The 2021 NICE guidelines for assessment and management of chronic pain: A cross-sectional study mapping against a sample of 1,000* in the community

Article


Zambelli, Z., Halstead, E. J., Iles, R., Fidalgo, A. R. and Dimitriou, D. 2022. The 2021 NICE guidelines for assessment and management of chronic pain: A cross-sectional study mapping against a sample of 1,000* in the community. British Journal of Pain. 16 (4), pp. 439-449. https://doi.org/10.1177/20494637221083837
AuthorsZambelli, Z., Halstead, E. J., Iles, R., Fidalgo, A. R. and Dimitriou, D.
Abstract

Objectives
To characterise the prevailing pharmacological and non-pharmacological pain management strategies among adults with chronic pain, comparing these against the newly published NICE guidelines NG-193, and examine these pre-NG-193 pain management strategies in relation to pain severity, pain interference, sleep quality and mental health outcomes.

Design
This study was conducted using a cross-sectional online survey study design.

Setting
This study was conducted on a community-dwelling cohort.

Participants
Adults aged 18+, living in the UK, with diagnosis of chronic pain by a health care professional.

Main outcome measures
Primary outcomes were characterisation of the pain management strategies utilised. Secondary outcomes were related to pain severity, pain interference, sleep quality, depression and anxiety via validated self-report measures.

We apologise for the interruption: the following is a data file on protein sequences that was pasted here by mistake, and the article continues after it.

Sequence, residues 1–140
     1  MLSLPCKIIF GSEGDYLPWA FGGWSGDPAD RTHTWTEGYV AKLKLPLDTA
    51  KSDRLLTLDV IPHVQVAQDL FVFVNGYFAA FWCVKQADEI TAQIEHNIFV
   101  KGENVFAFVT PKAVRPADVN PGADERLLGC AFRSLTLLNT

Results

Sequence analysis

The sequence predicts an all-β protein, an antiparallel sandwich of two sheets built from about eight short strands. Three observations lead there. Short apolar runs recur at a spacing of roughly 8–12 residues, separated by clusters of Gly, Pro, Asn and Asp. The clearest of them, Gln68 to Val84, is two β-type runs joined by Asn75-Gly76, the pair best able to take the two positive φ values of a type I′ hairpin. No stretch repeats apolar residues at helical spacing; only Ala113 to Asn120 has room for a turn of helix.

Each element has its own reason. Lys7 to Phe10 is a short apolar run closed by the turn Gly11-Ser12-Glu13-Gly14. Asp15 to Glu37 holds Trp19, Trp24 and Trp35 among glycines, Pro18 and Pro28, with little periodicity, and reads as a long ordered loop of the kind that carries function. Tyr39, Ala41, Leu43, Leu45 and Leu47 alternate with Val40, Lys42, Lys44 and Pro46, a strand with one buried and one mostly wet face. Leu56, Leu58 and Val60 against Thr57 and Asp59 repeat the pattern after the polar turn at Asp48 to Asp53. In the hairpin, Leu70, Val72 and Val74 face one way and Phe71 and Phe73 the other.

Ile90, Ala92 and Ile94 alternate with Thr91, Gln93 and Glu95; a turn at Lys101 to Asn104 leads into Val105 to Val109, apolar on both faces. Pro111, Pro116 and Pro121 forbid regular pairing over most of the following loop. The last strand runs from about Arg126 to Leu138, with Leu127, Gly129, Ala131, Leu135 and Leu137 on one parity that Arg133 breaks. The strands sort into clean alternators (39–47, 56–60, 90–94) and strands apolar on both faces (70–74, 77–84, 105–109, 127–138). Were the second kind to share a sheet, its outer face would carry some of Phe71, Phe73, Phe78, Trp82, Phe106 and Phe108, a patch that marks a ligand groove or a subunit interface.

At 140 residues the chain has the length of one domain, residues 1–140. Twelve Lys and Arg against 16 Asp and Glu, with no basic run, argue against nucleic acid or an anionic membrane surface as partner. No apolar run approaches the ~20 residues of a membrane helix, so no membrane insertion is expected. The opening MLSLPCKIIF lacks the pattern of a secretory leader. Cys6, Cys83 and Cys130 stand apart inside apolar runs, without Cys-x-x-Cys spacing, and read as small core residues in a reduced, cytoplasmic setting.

Results
Several strategies were employed by respondents to manage their chronic pain condition including physical therapy, exercise, psychological therapy and pharmacological therapy. The data also indicated a high level of joint-care planning among patients and their clinicians. Some group differences were found in relation to pain, sleep and mental health outcomes.

Conclusion
This study set a comparative starting baseline to which the efficacy of the NG-193 may be compared in future years. There is evidence that NICE recommendations are being followed for the management of chronic primary pain conditions; however, pharmacological use of opioid drugs is still reported by 47%. Despite the confirmed evidence in this study of small efficacy of chronic pain by pharmacological agent, the reduction in the use of pain relief medications be it over the counter medications or prescription opioids, as recommended by NG-193, may be slow to be adopted. The data suggest that more care provision is needed to meet the recommendations around pharmacological management and review.

JournalBritish Journal of Pain
Journal citation16 (4), pp. 439-449
ISSN 2049-4637
Year2022
PublisherSAGE Publications
Publisher's version
License
File Access Level
Anyone
Digital Object Identifier (DOI)https://doi.org/10.1177/20494637221083837
Publication dates
Online05 Apr 2022
PrintAug 2022
Publication process dates
Deposited22 Jan 2024
FunderEconomic and Social Research Council (ESRC)
Copyright holder© 2022, The Authors
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https://repository.uel.ac.uk/item/8x2q5

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